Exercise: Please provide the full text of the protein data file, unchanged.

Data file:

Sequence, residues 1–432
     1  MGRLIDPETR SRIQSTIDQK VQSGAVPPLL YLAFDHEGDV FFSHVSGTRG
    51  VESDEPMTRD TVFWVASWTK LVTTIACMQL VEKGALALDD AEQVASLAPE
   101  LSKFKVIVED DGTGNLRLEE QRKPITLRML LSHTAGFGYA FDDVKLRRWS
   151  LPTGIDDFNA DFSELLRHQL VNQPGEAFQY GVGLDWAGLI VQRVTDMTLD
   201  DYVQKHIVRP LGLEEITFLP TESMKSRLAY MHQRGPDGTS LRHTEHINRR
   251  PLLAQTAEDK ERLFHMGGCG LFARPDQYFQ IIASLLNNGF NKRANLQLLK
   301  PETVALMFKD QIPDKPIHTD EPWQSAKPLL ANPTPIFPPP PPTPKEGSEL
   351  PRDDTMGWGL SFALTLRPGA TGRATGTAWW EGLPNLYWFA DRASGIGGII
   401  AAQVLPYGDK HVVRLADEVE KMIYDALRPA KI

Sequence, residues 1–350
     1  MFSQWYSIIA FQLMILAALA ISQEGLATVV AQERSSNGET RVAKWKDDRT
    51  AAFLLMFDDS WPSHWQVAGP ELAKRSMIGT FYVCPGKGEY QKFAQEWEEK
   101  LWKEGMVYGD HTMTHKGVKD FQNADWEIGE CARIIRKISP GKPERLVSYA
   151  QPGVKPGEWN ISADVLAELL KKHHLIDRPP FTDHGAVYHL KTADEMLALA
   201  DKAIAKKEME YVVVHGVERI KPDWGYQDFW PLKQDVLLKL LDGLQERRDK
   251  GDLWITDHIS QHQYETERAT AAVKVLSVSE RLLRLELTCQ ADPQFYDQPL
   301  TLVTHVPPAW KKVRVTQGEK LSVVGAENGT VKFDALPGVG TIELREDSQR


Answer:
Sequence, residues 1–432
     1  MGRLIDPETR SRIQSTIDQK VQSGAVPPLL YLAFDHEGDV FFSHVSGTRG
    51  VESDEPMTRD TVFWVASWTK LVTTIACMQL VEKGALALDD AEQVASLAPE
   101  LSKFKVIVED DGTGNLRLEE QRKPITLRML LSHTAGFGYA FDDVKLRRWS
   151  LPTGIDDFNA DFSELLRHQL VNQPGEAFQY GVGLDWAGLI VQRVTDMTLD
   201  DYVQKHIVRP LGLEEITFLP TESMKSRLAY MHQRGPDGTS LRHTEHINRR
   251  PLLAQTAEDK ERLFHMGGCG LFARPDQYFQ IIASLLNNGF NKRANLQLLK
   301  PETVALMFKD QIPDKPIHTD EPWQSAKPLL ANPTPIFPPP PPTPKEGSEL
   351  PRDDTMGWGL SFALTLRPGA TGRATGTAWW EGLPNLYWFA DRASGIGGII
   401  AAQVLPYGDK HVVRLADEVE KMIYDALRPA KI

Sequence, residues 1–350
     1  MFSQWYSIIA FQLMILAALA ISQEGLATVV AQERSSNGET RVAKWKDDRT
    51  AAFLLMFDDS WPSHWQVAGP ELAKRSMIGT FYVCPGKGEY QKFAQEWEEK
   101  LWKEGMVYGD HTMTHKGVKD FQNADWEIGE CARIIRKISP GKPERLVSYA
   151  QPGVKPGEWN ISADVLAELL KKHHLIDRPP FTDHGAVYHL KTADEMLALA
   201  DKAIAKKEME YVVVHGVERI KPDWGYQDFW PLKQDVLLKL LDGLQERRDK
   251  GDLWITDHIS QHQYETERAT AAVKVLSVSE RLLRLELTCQ ADPQFYDQPL
   301  TLVTHVPPAW KKVRVTQGEK LSVVGAENGT VKFDALPGVG TIELREDSQR